Tamara Ecclestone left 'petrified' after being targeted by 'ghost' gang who stole £26m of loot from celebrities

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Three members of a gang who stole £26m worth of valuables from socialite Tamara Ecclestone and other celebrities have been jailed after admitting the UK's biggest-ever house burglary.

Most of the loot, including diamonds, jewellery and cash, is still missing - and so is a fourth suspect who is the subject of an international manhunt.

The thieves also raided the luxury homes of retired England and Chelsea footballer Frank Lampard and the late Leicester City club owner Vichai Srivaddhanaprabha in the weeks before Christmas 2019.

Lampard and his wife Christine lost £60,000 worth of watches and jewellery, while the family of tycoon Mr Srivaddhanaprabha, who died a year earlier in a helicopter cash, had around £1m worth of valuables stolen, including €400,000 in cash.

Ecclestone, 37, daughter of former F1 boss Bernie Ecclestone, and her husband Jay Rutland were on holiday with their daughter in Lapland when their mansion home on "embassy row", beside Kensington Palace, was raided.

Now she is "petrified" to go out or leave her daughter, who asks if the burglars are coming back, Mr Rutland said.

Meanwhile, the Lampards revealed how they were both struggling to sleep as a result of the break-in - while the crime had a "major impact" on the former Chelsea star's general feeling of security.

Two suspects who were said to be part of a "supporting cast" were later arrested at UK airports, allegedly with some of the stolen property on them, but were acquitted with two others after a trial.

Maria Mester, 48, who worked as an escort, was said to be wearing a necklace that belonged to Ms Ecclestone, while her son Emil Bogdan Savastru, 30, was allegedly wearing one of Mr Srivaddhanaprabha's watches.

In each raid the gang managed to bypass alarms, cameras and even security guards and left few clues before disappearing into central London and Kent.

They celebrated their success by spending wads of cash at Harrods and in fancy restaurants before they fled to Europe with their loot when media reports grew.

But they were tracked down by specialist detectives from the Metropolitan Police and their Italian counterparts and the three were extradited.

Italians Jugoslav Jovanovic, 24, Alessandro Maltese, 45, and Alessandro Donati, 44, pleaded guilty to conspiracy to burgle.

Jovanovic was jailed for 11 years, while Maltese and Donati were handed sentences of eight years and nine months.

Police believe the trio got to know each other in Milan, where they began plotting the UK raids.

Sentencing at Isleworth Crown Court on Monday, Judge Martin Edmunds QC said the victims had suffered "life-changing effects" on their sense of safety.

"The distress caused by the burglary of a home of householders who may be well-known or wealthy is no less than that caused to those in different circumstances," he said.

"The acute distress caused to children, or the fear for the safety of children, is a particular feature."

Judge Edmunds added: "The fact that each burglary was accomplished despite the precautions of the householders, that so much was stolen and then, it is to be inferred, removed from the country and not recovered speaks to the overall organisation, planning and criminal determination, together with a willingness to take chances.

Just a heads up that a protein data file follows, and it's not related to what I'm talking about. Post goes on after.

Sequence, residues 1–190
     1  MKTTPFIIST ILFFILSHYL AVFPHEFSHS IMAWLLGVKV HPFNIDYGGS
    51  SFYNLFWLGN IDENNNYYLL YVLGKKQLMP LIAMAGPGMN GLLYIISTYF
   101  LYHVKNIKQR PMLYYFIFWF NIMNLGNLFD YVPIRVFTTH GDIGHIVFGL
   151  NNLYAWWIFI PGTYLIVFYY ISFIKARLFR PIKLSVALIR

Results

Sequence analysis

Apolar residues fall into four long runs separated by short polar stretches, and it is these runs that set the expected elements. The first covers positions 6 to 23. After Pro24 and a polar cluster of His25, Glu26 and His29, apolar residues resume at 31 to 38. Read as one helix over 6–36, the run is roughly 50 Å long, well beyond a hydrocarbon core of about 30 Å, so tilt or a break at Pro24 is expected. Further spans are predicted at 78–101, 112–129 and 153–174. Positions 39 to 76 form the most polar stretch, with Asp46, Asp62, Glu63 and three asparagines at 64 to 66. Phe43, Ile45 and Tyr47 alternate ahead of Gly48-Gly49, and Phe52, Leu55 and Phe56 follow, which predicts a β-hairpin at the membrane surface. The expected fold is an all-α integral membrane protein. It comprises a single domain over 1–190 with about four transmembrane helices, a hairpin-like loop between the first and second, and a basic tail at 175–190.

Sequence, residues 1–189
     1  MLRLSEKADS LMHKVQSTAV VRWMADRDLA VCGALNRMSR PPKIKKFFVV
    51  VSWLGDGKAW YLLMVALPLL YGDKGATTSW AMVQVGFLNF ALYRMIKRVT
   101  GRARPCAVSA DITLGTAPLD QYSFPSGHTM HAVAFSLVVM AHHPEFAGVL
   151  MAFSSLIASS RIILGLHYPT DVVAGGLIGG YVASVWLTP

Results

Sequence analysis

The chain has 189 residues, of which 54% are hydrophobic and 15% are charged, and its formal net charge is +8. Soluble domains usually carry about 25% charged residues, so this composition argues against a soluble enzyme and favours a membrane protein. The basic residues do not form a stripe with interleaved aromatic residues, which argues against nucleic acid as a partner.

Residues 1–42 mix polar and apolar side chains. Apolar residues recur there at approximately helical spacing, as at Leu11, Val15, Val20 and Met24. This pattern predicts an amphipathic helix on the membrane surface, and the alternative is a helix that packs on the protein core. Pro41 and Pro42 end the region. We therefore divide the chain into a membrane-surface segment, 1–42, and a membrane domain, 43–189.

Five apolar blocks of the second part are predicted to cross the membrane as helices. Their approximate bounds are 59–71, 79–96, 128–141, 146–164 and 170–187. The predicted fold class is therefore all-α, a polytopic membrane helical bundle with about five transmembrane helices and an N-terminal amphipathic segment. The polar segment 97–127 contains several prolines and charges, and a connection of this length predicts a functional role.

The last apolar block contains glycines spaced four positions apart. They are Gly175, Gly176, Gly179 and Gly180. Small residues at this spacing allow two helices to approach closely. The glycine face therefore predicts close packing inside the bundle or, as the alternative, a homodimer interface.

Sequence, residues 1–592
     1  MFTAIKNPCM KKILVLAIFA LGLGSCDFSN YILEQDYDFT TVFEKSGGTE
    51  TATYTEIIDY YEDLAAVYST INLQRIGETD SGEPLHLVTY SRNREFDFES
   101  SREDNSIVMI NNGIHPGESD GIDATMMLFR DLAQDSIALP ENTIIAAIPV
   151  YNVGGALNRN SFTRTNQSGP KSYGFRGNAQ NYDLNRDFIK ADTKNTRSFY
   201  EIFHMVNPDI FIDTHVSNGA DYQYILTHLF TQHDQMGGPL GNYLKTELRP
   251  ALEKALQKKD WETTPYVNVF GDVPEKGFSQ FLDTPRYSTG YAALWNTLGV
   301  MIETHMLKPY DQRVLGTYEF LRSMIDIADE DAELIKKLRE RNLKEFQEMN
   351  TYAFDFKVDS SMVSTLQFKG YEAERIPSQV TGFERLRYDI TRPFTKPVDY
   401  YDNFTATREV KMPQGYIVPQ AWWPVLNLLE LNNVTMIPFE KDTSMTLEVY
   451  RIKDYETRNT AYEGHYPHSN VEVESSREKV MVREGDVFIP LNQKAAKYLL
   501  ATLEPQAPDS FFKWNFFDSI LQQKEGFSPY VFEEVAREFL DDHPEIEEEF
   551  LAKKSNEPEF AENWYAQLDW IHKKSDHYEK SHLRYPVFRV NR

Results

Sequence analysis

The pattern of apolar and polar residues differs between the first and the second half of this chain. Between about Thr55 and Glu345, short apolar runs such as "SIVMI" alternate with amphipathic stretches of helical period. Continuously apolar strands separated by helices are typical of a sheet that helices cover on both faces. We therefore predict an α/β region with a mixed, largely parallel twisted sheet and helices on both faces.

"You did so in the hope of substantial gain for yourselves but regardless of the loss to those people - not only of objects of financial value but of objects of deep personal significance and of the sense of safety and security that anyone is entitled to feel in their own home."

Detective Constable Andy Payne, of the Metropolitan Police, said the specialist crime unit linked the three raids after ruling out the possibility that the Ecclestone burglary was "an inside job".

All they had to go on was 15 seconds of grainy CCTV which showed three figures going across the Ecclestone back garden, two disposable, unregistered mobile phones, and screwdrivers the raiders left behind. There was no DNA or fingerprints.

Police knew the gang had flagged down a black cab near the scene of one raid, but they had no registration number.

After trawling through more than a thousand cabs they worked out had been in the area, a driver finally told them he thought he had picked up the suspects and dropped them off near a hotel in Park Lane.

A second cab took them to Victoria Station and from there police picked up a trail of CCTV images that eventually identified the burglars.

"It was an incredibly challenging investigation because they left hardly any trail, they had no criminal past to speak of and there was little CCTV. They recced their targets, did dry runs and employed lookouts," said Mr Payne.

"As they moved around London they made ghosts of themselves, walking in shadows, wearing hats and looking down if they passed a camera, keeping apart from each other, using unregistered 'burner' mobile phones and paying for everything in cash.

"They thought they were untouchable and all three of them told me when they were extradited that they were amazed they had been caught and praised us for tracking them down."

Police said the gang were plotting to raid the homes of other high-profile figures and are thought to have carried out lucrative burglaries in other European countries.

Detectives believe a fourth main gang member was Serbian national Ljubomir Romanov, 40, who is thought to be in Belgrade, where the authorities refused to extradite him to the UK in August.

Police say he uses various aliases including Daniel Vukovic, Alfredo Lindley and Ljubomir Radosavljevic.

The investigation is far from over, as detectives search for the loot and pursue other potential suspects who they think helped the ringleaders.

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